Mindfulness Exercises To Help You Sleep

photo of the word mindfulness and a person with relaxed handsAre you one of the millions of people who find that worrying about work, family, finances or life in general keeps you awake at night?

If so, practicing simple mindfulness exercises can help you calm your mind and sleep better. The exercises are similar to classic relaxation techniques, but there are some subtle differences.

As you’ll see later in the article, there’s strong evidence that mindfulness helps reduce anxiety, stress and insomnia.

My personal experience practicing mindfulness has been positive. And in a survey of readers of this site, over 80% of people who had tried mindfulness before felt that it helped them.

So hopefully you’ll also find it’s just the thing you’ve been looking for.

mindfulness poll mini infographic saying 80% of readers found it helpful

Contents

I’ll first cover the principles of mindfulness, but you can skip ahead to the following sections if you prefer:

What is mindfulness?

The aim of mindfulness is to take charge of your busy mind, and move it from worrying about everything into a more relaxed state.

A calmer state of mind should help you fall asleep easier. But mindfulness has a wider range of benefits – not just better sleep.

10 benefits of mindfulness infographic

It’s all about focusing your attention on the present moment; bringing your mind into awareness of your thoughts, emotions and physical sensations.

You can then manage your worries better, rather than allowing them to spiral out of control.

And the way you do this is by learning and practicing special relaxation, meditation and awareness exercises.

So, for example, you might be lying awake worrying about financial problems. The idea is to become aware of the unhelpful thoughts you’re having, and then allow them to pass.

how mindfulness can help you sleep

You might also hear it referred to as different things: Mindfulness-based Stress Reduction; Mindfulness-based Cognitive Therapy; or Mindfulness-based Therapy for Insomnia.

Some of these are aimed at treating depression and mental health issues. But in this article I’ll focus on how mindfulness might help you sleep better.

The principles of mindfulness

The brain in ‘doing’ mode

image representing the brain thinkingThe brain is excellent at task-based problems. For example, when an engineer is solving a technical problem or a hairdresser is deciding how to shape someone’s hair.

This is sometimes called the ‘doing’ mode, in which the brain tries to work out the logical steps required to solve the problem.

It’s also called ‘goal’ based, as you’re trying to achieve a specific outcome.

In the ‘doing’ mode your brain continually searches your memories for previous experiences and knowledge, which it thinks might help you complete the current task.

And it does this without you consciously trying to recall past events. This ‘doing’ mode of the brain is very powerful and essential to everyday life.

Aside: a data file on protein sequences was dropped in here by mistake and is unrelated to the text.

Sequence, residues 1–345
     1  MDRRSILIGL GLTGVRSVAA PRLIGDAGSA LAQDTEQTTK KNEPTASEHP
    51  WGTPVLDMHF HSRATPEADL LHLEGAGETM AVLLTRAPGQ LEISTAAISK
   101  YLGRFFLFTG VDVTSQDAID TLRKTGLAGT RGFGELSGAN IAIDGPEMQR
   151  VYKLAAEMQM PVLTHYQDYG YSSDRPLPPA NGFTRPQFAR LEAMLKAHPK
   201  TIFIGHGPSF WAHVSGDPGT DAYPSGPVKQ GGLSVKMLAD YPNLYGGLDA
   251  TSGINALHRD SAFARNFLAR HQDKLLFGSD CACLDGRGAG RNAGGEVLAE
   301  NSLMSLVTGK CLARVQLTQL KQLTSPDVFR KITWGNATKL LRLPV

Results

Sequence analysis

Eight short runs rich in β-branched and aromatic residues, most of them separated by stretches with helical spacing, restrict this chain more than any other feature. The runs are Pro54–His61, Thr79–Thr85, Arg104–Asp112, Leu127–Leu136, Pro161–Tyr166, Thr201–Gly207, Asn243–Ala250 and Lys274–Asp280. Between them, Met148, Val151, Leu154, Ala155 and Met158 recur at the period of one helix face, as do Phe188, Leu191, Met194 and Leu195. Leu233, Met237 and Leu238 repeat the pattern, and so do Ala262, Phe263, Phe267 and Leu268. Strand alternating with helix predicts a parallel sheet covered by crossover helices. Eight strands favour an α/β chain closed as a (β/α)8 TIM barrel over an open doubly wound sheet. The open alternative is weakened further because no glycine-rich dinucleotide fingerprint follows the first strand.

When the ‘doing’ mode is unhelpful

A big drawback of the ‘doing’ mode is that the brain also uses it when dealing with emotion-based problems. But problems involving a lot of emotion usually can’t be fixed in the same way.

For example, if you’re worrying about tomorrow’s job interview, your brain will default to the ‘doing’ mode.

It might try to recall your past interviews or similar situations. It’s trying to help you solve the problem by presenting previous examples for you to consider.

But in this case it can’t really solve the problem of ensuring your interview goes well. And by presenting examples of unsuccessful, nerve-wracking interviews could make you more worried.

That can then lead to you asking broader questions like “why can’t I do well in interviews”. And so the worry train picks up steam.

In other situations, this ruminating can lead to questions like:

  • “why am I always tired or unhappy?”
  • “why can’t my relationships go more smoothly?”

These types of emotional issues just don’t lend themselves to an analytically based ‘doing’ approach.

Put your brain in the ‘being’ mode

live in the momentMindfulness takes a different approach by suggesting that there’s an alternative ‘being’ mode for your brain.

It teaches you how to develop this ‘being’ approach when faced with thoughts which worry you.

The first hurdle is to recognize that thoughts are only thoughts. They are not reality, nor are they good predictors of the future.

In essence, you have to learn to live in the present, not the past or future.

That might sound like a bit of spiritual cliché to some people; but it’s one of the core principles of mindfulness – and one that works.

So how do you ‘live in the moment’?

In the ‘being’ mode you aim to take much more notice of your body and of your surroundings.

You might still have the same thoughts swirling around your mind. But rather than focusing on them, you learn to acknowledge them in a compassionate way. And recognize that they are just thoughts.

One approach is to try to see your thoughts as passing clouds – white ones for good thoughts, grey ones for worrying thoughts.

You’re still aware of them and acknowledge them. It’s almost as if you’re an observer noting the thoughts, but not acting on them.

photo of passing white and grey clouds

You aren’t trying to stop these thoughts, and probably couldn’t even if you tried. You don’t need to get upset, disappointed or even angry that you’re having them. The idea is to view them in a different way.